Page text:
Another thing we liked about the stiff carcass is how well our bikes behaved when the pace becomes more spirited. The firm tire construction was unaffected as speeds increased, unlike many softer compound tires where the higher speeds deform the tire more and more, changing the bikes handling characteristics.
Which brings us to profile. Most tires tend to either be fairly pointy, which is great for sport riding or really rounded which tends to be much better for touring applications. The ‘023 is probably one of the most neutral profiles we’ve run. It doesn’t offer that super-light turn-in feel like a true sporty tire, nor does it feel heavy and sluggish like a super-round touring tire can. We honestly would prefer a little more aggressive profile, but all in all, the ‘Stone really splits the difference nicely.
Wear and Grip
Every tire you buy is a compromise between wear and grip. Trying to find the perfect balance has been the plight of tire engineers from the very beginning. Modern technology has made massive improvements over the last few years. These BT-023’s do not disappoint.
Wear on this tire is exemplary. It is currently our high-mileage leader, beating out every other dedicated sport-touring tire we’ve used. We’ve been able to get upwards of 7,000 miles out of the set! Comparing it directly to to our other high-mileage contender, the Pilot Road series, you may be able to eek out more miles from the Michi, but our experiences with the French brand, and it’s tendency to bake out and become hard, makes the tire pretty much unusable well before all the tread wears away. Not so with the Bridgestone. We were not able to discern any noticeable loss in grip over the entire life of the tire, which, in our humble opinion, is one of the most important characteristics for any motorcycle tire.
We simply do not have tolerance for a tire that slowly provides less and less grip as the tire wears. We liken this to the proverbial story of boiling a frog. Throw a frog in hot water and he jumps out, but put a frog in cool water and slowly raise the heat until it boils and he’ll sit there until it’s all over. Tires are too critical of a safety item when you only have two of them keeping you from hitting the ground and we want it to perform the same from beginning to end.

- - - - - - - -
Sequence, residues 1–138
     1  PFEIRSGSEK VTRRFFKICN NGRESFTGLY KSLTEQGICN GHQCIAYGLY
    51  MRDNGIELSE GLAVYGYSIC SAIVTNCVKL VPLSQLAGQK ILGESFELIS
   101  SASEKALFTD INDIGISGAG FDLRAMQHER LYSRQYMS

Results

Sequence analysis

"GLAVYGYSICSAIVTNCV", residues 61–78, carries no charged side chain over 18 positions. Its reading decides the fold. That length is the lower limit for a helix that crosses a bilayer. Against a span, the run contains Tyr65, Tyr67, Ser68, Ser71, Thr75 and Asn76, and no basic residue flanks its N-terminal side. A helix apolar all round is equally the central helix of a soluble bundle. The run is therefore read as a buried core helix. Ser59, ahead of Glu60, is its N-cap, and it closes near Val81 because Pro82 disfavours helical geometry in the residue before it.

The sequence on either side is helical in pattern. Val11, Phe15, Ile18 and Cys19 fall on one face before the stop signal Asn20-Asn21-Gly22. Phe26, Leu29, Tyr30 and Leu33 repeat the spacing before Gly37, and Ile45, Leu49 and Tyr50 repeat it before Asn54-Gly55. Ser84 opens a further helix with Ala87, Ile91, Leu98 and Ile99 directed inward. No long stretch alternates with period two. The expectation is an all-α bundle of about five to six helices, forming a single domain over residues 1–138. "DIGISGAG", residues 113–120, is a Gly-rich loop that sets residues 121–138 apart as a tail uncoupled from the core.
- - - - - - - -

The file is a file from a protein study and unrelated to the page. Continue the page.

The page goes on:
Now for grip. We already told you the tire had fantastic traction levels. During the many, many miles we’ve put on the BT-023, we have never been able to exceed the available adhesion levels during any kind of street riding, from brutal cold, sweltering heat to torrential downpours. We were able to get them greasy while riding on the track, but even then only after almost an entire session at a pretty spirited track pace where there were no long-straights to allow the tire to cool down.
As of this writing (July 2012), the Bridgestone BT-023 is our top pick for sport-touring tires. We really have no complaints about the performance of this tire in any condition. Plus, most importantly, they offer some of the best longevity we’ve seen in a Sport Touring tire, ever! (Check out or tire-mileage chart to see how these compare).
Our only complaint about the tire has to do with the tread pattern. Many, many sport-touring tires have eliminated any siping (tread pattern) down the center of the rear tire. This is for added life and stability relying on the front tire to shed water away. No doubt this works, but since almost all of us wear out tires in the center first, it makes it hard to tell exactly when the tire is done. We really wish Bridgestone would put little wear dots down the center of the tire (the same thing used on slick race tires). When the dots wear away you’d be able to tell the tire is at the end of its service life and needed to be replaced.
But as of right now (motorcycle tire technology is changing so rapidly), we think this is about the best Sport-Touring tire available on the market for most riders, bikes and conditions. Long life, good handling and plenty of grip; it’s hard to ask for much more.
For more information visit the Bridgestone BT-023 webpage.